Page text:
To What Extent was the European ‘Scramble for Africa’ Driven by Economic Factors?

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The ‘scramble for Africa’ was a phenomenon in the world between the years 1880-1914. The ‘dark continent’ was relatively untouched by Europeans up until this point, with few ports of control on the coasts in the west, which were remnants of the slave trade, and in the south, Britain held the Cape, taken from the Dutch during the French Revolutionary Wars. So, during a period of 30 years, it came to pass that almost the whole of Africa was taken by Europeans. (Except Liberia a colony for freed American slaves, and Abyssinia managed to hold out against Italian aggression). It will be my objective in this essay to analyse the economic factors which resulted in the almost complete colonisation and takeover of Africa, and also to determine to …show more content…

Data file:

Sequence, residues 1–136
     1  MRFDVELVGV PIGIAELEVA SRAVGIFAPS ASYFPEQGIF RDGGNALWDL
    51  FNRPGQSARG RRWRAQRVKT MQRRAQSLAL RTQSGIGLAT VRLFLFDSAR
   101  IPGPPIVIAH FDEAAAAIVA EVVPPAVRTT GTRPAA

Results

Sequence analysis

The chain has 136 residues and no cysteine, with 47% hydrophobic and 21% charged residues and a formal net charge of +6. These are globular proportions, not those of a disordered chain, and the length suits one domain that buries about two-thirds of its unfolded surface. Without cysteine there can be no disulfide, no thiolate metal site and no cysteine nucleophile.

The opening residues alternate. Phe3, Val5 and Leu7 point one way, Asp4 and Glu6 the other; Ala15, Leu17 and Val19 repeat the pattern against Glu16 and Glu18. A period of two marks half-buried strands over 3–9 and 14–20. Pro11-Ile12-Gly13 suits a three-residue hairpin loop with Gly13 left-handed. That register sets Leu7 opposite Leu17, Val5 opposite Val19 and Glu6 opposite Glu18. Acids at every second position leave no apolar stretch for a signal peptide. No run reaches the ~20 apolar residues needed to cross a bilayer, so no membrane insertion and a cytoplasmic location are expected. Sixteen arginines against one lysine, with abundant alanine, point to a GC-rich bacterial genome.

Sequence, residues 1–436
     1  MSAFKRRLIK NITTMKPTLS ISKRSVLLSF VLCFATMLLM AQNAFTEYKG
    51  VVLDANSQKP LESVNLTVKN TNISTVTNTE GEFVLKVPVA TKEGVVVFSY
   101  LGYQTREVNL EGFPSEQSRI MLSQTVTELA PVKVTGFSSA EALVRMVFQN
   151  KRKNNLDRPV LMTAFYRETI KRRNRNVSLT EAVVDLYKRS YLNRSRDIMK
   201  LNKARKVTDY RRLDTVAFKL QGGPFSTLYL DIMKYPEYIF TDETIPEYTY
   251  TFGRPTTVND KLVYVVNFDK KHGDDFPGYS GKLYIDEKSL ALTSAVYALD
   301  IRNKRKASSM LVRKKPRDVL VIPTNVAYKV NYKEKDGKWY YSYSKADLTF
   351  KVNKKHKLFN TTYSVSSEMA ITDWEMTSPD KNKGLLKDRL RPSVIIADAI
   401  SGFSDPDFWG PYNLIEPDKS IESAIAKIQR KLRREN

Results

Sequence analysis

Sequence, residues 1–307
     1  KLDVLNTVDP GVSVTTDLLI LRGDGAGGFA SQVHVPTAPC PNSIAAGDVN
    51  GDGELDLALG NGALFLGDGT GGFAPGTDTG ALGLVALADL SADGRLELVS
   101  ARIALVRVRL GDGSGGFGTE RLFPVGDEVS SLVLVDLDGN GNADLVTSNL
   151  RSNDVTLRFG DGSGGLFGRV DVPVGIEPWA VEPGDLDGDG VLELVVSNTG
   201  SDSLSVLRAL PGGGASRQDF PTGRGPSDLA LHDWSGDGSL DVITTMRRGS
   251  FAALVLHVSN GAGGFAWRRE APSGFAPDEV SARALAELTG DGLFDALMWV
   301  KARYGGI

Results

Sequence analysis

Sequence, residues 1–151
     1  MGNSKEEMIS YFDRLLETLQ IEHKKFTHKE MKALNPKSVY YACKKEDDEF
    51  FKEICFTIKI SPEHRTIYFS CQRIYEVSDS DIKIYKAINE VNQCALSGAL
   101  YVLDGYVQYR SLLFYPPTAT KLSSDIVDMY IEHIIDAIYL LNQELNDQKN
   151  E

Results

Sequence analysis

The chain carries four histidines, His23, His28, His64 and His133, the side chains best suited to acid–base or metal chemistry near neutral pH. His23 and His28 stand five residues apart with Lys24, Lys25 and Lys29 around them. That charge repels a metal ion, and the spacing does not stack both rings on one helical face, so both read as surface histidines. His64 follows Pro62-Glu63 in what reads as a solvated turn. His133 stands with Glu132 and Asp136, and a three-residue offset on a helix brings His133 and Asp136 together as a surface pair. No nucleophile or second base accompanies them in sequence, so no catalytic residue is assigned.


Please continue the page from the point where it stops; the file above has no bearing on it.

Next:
Thereafter thousands of British immigrated to South Africa to work in or control the mining industry. It could be said that the ‘history of twentieth-century southern Africa is to a very large extent dominated by the history of mining’ which to a certain extent is true. Most of the imperial expansion in South Africa at first glance does appear to have economic reasons. This can be further seen with Cecil Rhodes when he extended British influence to the northern reaches of South Africa in search for a second rand in which his whole expedition looks to be like conquistadores in search of land and gold . In 1910 the Transvaal republic was annexed by Britain, while economic reasons seem reasonable at first it can be argued that ‘political control of the Transvaal was not sought in order to control the gold-mines nor secure access to the supply of gold’ , that the British wanted to unify the region as part of the British Empire. Originally however, the importance of South Africa to the British was to protect the sea route to India, which was still vital, even after the Suez Canal was built, because the British were sure that they could defend the Cape with their naval strength, but were not so sure about the defence of the Suez if needed. Gallagher and Robinson assert that ‘Great Britain was in South Africa primarily to safeguard the routes to the east’ . However, this is still an economic factor. That Britain wanted to protect trade and strategy in the east, and while